Congress should extend a helping hand to small businesses still on the road to recovery
The U.S. Capitol. Photo by Susan J. Demas | Michigan Advance/States Newsroom.
By Greg Manger
This holiday season seems merrier and brighter with the worst of the COVID-19 pandemic hopefully behind us. But for many small business owners like me, the holiday cheer can’t mask the feeling that a winter storm is gathering and that small businesses across the country will need a hand — not a handout — to survive it.
I own Costume Specialists in Columbus. When the pandemic hit, the bottom fell out. It was especially scary because we work with the entertainment industry, supplying costumes for live entertainment, such as cruise ships, sporting events and amusement parks.
In the face of this challenge, I had to get creative and make adjustments to stay afloat. We did our best to stay relevant and help out by starting some personal protective equipment (PPE) production, including manufacturing and supplying medical gowns right here in Columbus. It was our way of pitching in for the greater good.
Fortunately, many small businesses like mine had access to a lifeline — a pandemic emergency disaster loan from the Small Business Administration. The COVID-19 Economic Injury Disaster Loan (COVID EIDL) program is specifically designed to support small businesses by helping us pay operating expenses as we recover from the pandemic.
The loan created a backstop for my business, helped insulate us from the harsh realities of the pandemic, and relieved the pressure I felt amid growing financial uncertainty within my business. Now, as I look toward the future and rebuilding my company, the loan gives me the confidence to grow again and create jobs.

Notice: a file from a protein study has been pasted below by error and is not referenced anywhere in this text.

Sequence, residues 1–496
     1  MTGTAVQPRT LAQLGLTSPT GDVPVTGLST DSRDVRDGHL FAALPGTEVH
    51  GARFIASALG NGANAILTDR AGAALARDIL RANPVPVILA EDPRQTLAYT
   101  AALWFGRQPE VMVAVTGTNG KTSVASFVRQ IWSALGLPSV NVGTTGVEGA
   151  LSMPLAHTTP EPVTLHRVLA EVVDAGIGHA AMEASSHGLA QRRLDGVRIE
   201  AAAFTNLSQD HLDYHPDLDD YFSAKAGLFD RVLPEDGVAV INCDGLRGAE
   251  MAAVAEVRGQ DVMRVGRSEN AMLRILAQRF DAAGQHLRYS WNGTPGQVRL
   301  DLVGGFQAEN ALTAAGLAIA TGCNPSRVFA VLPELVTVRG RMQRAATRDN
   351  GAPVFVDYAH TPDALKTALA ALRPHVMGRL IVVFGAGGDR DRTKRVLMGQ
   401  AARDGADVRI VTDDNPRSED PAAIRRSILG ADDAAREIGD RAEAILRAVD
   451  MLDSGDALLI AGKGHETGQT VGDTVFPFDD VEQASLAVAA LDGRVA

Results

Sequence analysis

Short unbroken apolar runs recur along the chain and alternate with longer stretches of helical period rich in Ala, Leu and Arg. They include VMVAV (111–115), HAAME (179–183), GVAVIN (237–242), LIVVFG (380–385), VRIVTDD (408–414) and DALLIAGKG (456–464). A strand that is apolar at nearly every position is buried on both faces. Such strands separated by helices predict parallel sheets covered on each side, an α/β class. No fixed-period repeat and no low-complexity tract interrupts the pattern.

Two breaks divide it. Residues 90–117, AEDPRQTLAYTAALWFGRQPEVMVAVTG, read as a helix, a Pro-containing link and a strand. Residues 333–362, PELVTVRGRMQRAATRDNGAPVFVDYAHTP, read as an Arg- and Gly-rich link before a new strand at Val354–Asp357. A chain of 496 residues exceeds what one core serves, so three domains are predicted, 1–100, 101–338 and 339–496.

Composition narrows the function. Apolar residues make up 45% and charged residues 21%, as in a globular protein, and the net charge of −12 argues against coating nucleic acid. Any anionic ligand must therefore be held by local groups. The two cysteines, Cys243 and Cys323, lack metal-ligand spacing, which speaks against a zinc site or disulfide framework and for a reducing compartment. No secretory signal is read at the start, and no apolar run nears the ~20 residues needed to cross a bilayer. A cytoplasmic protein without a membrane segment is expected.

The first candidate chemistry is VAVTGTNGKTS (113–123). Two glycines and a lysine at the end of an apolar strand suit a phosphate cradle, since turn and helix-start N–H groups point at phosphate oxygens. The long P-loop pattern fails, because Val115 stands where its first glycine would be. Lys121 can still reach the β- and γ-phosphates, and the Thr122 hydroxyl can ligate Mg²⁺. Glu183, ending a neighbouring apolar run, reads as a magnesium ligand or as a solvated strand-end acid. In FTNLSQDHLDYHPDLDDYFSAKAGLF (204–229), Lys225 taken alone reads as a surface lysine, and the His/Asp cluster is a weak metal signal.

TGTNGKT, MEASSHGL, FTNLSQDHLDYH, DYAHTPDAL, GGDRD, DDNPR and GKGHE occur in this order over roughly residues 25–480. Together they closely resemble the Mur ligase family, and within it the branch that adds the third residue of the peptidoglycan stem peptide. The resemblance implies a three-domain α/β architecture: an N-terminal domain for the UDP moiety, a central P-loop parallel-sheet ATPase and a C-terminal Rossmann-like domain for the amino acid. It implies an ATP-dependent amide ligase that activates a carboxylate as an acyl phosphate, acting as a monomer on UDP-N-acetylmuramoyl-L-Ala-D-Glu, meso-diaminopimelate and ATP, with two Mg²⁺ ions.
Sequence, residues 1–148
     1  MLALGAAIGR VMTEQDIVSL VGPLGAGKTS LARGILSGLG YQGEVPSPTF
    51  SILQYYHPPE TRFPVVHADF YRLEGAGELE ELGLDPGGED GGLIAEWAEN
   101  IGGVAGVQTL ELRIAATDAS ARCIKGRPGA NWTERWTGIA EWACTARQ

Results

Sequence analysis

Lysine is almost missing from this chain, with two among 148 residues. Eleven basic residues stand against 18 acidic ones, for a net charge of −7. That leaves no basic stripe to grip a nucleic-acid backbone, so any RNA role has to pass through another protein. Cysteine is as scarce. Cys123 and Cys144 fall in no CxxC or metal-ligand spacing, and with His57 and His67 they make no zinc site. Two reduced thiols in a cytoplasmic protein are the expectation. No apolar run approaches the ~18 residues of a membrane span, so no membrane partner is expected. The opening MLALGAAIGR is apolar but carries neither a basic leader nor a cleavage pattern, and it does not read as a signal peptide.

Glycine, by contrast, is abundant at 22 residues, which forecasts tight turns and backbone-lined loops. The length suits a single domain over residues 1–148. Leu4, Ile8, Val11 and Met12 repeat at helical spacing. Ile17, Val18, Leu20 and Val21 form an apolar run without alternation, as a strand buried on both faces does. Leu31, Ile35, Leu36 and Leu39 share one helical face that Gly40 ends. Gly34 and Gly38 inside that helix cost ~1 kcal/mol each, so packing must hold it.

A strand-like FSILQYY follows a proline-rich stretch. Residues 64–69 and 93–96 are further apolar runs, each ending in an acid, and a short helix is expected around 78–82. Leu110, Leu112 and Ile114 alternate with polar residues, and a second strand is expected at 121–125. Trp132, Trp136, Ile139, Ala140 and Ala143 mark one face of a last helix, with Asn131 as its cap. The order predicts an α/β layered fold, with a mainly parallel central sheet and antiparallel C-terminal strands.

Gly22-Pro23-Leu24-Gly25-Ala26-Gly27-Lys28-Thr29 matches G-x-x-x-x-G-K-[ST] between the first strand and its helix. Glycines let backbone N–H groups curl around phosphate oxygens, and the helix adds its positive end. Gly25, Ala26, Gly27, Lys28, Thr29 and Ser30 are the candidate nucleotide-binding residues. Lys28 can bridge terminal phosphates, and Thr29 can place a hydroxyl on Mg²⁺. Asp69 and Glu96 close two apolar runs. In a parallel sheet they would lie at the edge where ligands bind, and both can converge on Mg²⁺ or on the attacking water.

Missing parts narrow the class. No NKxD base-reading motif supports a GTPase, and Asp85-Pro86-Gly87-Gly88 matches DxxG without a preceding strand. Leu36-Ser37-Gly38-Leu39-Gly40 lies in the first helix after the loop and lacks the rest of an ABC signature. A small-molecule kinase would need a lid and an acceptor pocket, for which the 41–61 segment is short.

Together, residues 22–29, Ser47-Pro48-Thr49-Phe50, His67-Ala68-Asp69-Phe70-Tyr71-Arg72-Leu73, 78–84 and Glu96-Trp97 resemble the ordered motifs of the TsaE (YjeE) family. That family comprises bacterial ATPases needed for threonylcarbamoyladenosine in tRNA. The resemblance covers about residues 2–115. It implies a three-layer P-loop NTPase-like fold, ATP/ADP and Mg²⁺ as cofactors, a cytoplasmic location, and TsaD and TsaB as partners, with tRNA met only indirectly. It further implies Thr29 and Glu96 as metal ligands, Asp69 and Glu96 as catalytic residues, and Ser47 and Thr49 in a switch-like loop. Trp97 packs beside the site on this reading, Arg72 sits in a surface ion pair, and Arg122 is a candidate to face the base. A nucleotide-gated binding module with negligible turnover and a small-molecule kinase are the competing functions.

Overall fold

After two of the most challenging years in company history, we are hoping to have one of the best. Without the COVID EIDL, that would not be possible.
Orders are coming in and I plan to retain and increase staff to meet demand. The COVID EIDL makes it possible to meet the market for higher wages. Additionally, with the uncertain future of the pandemic due to the new omicron variant, the loan will help us stay a step ahead by continuing to grow the new PPE-focused part of the business.
It’s support like this that makes the difference for me and countless other small businesses forming the economic backbone of our vibrant and diverse communities in Columbus and central Ohio.
But the problem is that this lifeline for so many businesses is coming to an end. The COVID EIDL program, which is the last major pandemic emergency capital program for small businesses, is set to end today, Dec. 31, 2021. Without action, the program could expire with billions of dollars left unused at a time when small businesses are confronting mounting obstacles. As a member of the Goldman Sachs 10,000 Small Businesses Voices community, I’m calling on Congress to extend the COVID EIDL deadline into 2022, and increase access to capital for small businesses more broadly.
We haven’t fought this hard and come this far only to falter as we are starting to see light at the end of the tunnel. But, without a helping hand from our government, that’s exactly what could happen to small businesses across America.
Greg Manger is the owner of Costume Specialists in Columbus, Ohio.
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